Later Medieval Metaphysics : Ontology, Language, and Logic
The work begins with standard ontological topics-e.g., the nature of existence, and of metaphysics generally; the status of universals, form, and accidents. Here, a number of questions are considered. What is the proper subject matter of metaphysical speculation? Are essence and existence really distinct in bodies? Furthermore, does the body lose its unifying form at death? Can an accident of a substance exist in separation from that substance? Are universals real, and if so, are they anything more than general concepts?
There is also an emphasis on metaphysics broadly conceived. Thus, discussions of theories of mediaeval logic, epistemology, and language are added to provide a fuller account of the range of ideas included in the later mediaeval worldview. Many questions are raised in this context as well. What are the objects of propositional attitudes? How does Aristotelian logic stand up against modern predicate calculus? Are infinite regress arguments defensible in metaphysical contexts? How are the notions of analogy and equivocation related to the concept of being?
Contributors include scholars of mediaeval philosophy from across North America: Rega Wood (Indiana), Gyula Klima (Fordham), Brian Francis Conolly (Bard College at Simon's Rock ), Charles Bolyard (James Madison), Martin Tweedale (emeritus, Alberta), Jack Zupko (Winnipeg), Susan Brower-Toland (St. Louis), Rondo Keele (Louisiana Scholars' College), Terence Parsons (UC-Irvine), and E. J. Ashworth (emeritus, Waterloo).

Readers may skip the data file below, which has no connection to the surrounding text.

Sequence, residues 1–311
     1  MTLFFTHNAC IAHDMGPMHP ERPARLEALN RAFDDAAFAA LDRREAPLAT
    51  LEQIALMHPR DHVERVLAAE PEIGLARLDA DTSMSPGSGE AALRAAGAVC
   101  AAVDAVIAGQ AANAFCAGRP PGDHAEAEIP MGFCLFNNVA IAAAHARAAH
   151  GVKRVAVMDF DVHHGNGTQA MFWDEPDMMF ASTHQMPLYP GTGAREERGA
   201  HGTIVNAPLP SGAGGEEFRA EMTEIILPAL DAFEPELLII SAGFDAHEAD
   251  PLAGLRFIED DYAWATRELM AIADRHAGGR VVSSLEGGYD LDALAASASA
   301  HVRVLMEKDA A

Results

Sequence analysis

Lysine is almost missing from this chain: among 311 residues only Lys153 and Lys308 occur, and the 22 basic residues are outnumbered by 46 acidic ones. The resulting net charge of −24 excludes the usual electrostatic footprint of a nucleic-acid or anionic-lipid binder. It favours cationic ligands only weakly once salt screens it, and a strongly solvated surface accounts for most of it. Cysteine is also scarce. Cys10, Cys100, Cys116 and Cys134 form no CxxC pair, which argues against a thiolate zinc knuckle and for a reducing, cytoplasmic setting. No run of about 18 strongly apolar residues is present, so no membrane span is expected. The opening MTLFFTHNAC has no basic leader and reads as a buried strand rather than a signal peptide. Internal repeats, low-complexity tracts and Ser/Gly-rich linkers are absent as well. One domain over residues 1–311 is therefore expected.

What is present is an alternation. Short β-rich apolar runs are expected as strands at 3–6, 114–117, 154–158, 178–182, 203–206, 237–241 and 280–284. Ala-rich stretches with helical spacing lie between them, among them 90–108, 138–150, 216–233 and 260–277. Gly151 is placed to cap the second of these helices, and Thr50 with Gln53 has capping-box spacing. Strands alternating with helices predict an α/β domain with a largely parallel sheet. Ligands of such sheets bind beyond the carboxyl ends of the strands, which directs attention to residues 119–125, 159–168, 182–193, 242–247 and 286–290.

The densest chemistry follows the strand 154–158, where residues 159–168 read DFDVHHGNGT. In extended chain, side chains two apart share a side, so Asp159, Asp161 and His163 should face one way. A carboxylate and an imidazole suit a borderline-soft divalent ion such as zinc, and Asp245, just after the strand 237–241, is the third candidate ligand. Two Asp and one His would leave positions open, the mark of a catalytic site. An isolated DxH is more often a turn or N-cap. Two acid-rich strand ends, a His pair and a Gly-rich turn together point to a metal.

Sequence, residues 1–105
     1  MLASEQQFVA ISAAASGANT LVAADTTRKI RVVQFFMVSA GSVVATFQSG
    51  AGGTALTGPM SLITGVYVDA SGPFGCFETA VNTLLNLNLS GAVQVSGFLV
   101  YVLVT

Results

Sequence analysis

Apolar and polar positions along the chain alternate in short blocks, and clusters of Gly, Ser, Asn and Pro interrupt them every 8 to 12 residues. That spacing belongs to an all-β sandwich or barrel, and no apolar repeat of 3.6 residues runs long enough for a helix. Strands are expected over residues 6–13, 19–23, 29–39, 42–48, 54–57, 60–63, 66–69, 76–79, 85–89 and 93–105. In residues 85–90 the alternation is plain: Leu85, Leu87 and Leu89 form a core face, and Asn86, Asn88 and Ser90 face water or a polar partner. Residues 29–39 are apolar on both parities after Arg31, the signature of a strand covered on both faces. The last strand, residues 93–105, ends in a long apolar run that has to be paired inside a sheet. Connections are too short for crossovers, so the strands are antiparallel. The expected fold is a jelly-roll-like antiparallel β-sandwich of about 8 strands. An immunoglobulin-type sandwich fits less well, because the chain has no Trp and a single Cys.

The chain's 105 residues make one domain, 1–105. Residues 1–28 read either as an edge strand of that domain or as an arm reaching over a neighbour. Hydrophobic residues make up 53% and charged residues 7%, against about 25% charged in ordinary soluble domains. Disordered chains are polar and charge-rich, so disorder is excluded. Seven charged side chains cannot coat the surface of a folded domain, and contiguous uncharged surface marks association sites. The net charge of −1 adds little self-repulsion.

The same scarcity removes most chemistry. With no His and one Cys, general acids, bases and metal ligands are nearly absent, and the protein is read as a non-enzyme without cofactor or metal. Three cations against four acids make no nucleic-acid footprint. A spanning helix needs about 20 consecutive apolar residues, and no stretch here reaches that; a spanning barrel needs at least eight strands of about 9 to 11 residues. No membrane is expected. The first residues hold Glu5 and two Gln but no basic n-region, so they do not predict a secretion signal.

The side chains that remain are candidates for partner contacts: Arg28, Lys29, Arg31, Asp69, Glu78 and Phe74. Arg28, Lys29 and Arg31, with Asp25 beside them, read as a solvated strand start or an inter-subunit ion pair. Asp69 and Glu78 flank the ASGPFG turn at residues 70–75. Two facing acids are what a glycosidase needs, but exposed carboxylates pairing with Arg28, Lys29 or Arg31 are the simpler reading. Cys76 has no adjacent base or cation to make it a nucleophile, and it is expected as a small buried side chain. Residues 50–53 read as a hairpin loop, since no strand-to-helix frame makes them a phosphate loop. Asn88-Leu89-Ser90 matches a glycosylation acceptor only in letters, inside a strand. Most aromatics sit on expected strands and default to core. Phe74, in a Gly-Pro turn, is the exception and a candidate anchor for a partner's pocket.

- Paperback | 328 pages
- 152 x 229 x 22.86mm | 453.59g
- 01 Feb 2013
- Fordham University Press
- New York, United States
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About Charles Bolyard
Rondo Keele is Associate Professor of Philosophy at the Louisiana Scholars' College and is the author of Ockham Explained, and numerous articles on William of Ockham and his contemporaries.